In Oklahoma, there is such a thing as justifiable homicide, in which the killing of another person is not against the law. However, there are specific circumstances under which a homicide is considered justified, and "disrespect," is not one of them.
An Oklahoma City man has been charged with murder for allegedly shooting a man with whom he argued earlier in the day. Adam Bernard Jones, 30, reportedly
argued with Kiah Dykes, Sr., 44 on May 27, an altercation that was confirmed by a witness to the argument and by Dykes's girlfriend, who claimed she
knew of the verbal altercation that day.
Around 1:00 a.m. on May 28, police responded to the scene of a shooting at an Oklahoma City apartment complex. There, they found a coherent but seriously injured Dykes. He reportedly told police that "Adam" shot him. He was transported to a local hospital, where he later died.
One witness claims to have seen both the argument and the shooting, and this witness identified Jones as the shooter. Dykes's girlfriend likewise reported that her boyfriend identified Jones as his shooter. Police arrested Jones and reportedly found messages on his phone stating, "I had to shoot him, he disrespected me twice."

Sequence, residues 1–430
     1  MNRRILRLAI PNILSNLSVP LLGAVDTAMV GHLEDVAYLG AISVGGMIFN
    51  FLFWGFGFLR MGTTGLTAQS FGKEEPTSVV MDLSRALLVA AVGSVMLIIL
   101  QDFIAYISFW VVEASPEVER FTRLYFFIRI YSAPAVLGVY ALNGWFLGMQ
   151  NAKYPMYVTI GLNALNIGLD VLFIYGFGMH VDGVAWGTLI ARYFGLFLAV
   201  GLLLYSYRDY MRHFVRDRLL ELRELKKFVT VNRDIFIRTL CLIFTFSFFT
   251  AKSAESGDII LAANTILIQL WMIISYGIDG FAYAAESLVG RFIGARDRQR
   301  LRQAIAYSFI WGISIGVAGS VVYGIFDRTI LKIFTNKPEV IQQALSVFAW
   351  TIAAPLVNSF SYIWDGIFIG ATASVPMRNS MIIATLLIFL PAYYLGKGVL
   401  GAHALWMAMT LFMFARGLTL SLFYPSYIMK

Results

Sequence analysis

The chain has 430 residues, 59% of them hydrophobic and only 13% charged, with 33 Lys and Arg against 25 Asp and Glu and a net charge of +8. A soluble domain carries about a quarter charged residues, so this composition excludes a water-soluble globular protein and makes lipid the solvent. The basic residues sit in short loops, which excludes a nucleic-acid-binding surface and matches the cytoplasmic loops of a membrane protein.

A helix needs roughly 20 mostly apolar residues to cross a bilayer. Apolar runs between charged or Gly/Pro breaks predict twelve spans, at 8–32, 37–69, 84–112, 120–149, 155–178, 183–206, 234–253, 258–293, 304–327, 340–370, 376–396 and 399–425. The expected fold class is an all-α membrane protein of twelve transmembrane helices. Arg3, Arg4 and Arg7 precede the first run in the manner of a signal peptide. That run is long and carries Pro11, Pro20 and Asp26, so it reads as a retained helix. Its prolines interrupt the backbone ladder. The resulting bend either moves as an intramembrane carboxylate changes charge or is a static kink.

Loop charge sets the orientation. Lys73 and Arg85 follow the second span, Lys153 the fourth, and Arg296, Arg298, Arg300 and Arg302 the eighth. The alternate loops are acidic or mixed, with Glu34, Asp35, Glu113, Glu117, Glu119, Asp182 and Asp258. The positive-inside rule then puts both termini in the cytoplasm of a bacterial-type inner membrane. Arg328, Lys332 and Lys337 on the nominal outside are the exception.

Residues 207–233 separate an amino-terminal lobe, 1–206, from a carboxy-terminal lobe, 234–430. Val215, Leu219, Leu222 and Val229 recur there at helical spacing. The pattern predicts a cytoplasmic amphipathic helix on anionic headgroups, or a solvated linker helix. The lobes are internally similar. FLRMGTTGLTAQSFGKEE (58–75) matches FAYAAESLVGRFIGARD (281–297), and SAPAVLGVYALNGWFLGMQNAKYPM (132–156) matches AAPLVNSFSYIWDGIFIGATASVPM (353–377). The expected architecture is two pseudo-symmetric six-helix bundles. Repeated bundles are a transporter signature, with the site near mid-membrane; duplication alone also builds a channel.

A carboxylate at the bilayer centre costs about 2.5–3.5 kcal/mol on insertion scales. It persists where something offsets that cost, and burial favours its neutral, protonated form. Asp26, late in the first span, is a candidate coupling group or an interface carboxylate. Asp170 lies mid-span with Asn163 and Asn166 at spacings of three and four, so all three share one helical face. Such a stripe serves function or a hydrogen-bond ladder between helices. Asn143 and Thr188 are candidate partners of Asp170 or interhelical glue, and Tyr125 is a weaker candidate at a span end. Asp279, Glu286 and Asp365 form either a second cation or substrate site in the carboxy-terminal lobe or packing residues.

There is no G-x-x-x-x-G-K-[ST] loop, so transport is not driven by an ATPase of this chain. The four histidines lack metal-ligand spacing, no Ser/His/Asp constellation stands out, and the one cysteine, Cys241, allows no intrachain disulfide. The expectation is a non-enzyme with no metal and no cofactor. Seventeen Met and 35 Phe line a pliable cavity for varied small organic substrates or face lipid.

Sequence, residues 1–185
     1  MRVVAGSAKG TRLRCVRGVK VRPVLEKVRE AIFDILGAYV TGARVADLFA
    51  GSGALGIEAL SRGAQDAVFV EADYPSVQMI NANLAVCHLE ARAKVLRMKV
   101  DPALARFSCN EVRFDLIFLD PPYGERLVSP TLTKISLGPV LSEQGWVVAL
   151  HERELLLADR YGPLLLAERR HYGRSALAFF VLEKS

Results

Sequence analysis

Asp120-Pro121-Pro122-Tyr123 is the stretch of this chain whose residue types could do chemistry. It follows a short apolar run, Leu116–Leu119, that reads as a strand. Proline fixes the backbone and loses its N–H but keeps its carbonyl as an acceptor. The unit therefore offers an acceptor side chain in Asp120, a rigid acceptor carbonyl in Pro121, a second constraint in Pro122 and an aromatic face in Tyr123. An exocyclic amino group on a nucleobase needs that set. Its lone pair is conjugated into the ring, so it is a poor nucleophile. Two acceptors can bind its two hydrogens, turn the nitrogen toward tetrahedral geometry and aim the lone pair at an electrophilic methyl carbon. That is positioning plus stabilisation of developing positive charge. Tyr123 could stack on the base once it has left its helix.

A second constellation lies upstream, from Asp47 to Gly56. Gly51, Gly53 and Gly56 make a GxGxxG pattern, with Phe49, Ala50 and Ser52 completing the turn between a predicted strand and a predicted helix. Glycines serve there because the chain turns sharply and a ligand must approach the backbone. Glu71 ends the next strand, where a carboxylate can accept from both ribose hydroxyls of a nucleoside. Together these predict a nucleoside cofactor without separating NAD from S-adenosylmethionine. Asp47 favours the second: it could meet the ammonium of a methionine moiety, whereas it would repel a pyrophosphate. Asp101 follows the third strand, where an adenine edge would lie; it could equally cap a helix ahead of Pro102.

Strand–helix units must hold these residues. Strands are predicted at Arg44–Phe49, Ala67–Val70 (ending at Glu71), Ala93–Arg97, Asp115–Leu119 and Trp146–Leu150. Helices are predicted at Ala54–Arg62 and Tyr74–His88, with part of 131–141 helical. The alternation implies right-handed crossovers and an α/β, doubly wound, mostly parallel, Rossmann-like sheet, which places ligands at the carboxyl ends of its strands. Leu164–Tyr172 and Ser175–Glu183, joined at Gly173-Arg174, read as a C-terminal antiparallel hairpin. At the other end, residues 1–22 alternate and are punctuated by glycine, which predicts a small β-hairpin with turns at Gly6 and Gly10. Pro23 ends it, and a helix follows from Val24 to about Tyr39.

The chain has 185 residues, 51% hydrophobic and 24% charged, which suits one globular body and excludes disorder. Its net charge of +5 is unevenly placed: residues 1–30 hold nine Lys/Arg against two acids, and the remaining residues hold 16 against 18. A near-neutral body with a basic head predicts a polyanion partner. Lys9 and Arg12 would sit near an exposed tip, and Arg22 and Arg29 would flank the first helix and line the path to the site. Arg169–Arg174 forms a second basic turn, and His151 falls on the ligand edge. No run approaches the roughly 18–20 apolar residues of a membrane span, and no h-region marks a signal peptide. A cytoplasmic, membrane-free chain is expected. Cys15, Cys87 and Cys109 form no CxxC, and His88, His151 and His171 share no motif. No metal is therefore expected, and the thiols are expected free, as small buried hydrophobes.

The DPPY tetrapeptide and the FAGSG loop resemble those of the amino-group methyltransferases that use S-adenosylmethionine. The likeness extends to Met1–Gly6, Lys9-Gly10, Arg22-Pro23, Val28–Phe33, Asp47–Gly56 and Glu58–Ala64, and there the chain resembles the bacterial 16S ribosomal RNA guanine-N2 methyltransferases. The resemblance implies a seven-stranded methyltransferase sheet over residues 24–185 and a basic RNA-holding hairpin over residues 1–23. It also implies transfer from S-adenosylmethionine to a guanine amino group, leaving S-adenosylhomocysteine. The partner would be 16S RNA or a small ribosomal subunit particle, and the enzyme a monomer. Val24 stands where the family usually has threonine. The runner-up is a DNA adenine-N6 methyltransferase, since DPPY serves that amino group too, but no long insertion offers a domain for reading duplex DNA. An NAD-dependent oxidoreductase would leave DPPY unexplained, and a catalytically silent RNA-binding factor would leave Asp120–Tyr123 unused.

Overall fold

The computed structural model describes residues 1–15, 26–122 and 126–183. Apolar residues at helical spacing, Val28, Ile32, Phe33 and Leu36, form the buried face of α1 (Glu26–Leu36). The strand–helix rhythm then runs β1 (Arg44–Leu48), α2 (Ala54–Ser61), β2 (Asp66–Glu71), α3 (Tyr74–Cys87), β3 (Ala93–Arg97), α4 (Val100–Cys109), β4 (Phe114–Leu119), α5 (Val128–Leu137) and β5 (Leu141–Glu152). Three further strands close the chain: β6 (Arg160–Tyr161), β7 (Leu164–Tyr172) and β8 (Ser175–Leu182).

Jones was arrested on complaints of first degree murder and being a felon in possession of a firearm. His felony status comes after prior convictions of burglary, drug possession, kidnapping, and concealing stolen property.
Clearly, "disrespect" is not a criteria for justifiable homicide, and Oklahoma law is specific in determining the conditions under which it is legal or excusable to take the life of another. According to 21 OK Stat § 21-733 homicide is justifiable in the following circumstances:
1. When resisting any attempt to murder such person, or to commit any felony upon him, or upon or in any dwelling house in which such person is;
2. When committed in the lawful defense of such person or of another, when the person using force reasonably believes such force is necessary to prevent death or great bodily harm to himself or herself or another or to terminate or prevent the commission of a forcible felony; or
3. When necessarily committed in attempting, by lawful ways and means, to apprehend any person for any felony committed; or in lawfully suppressing any riot; or in lawfully keeping and preserving the peace.
In other words, homicide is justifiable when it is committed in an effort to protect oneself or others from serious bodily injury or death as a result of a violent felony attempted by the person killed. Homicide is not typically considered justifiable if it is committed in the defense of property or if it is committed after the threat of violence has been neutralized or diverted.
While Oklahoma has permissive gun laws, it is important to know the laws surrounding the use of lethal force. Such knowledge can mean the difference between being cleared of any offense and going to prison for life.
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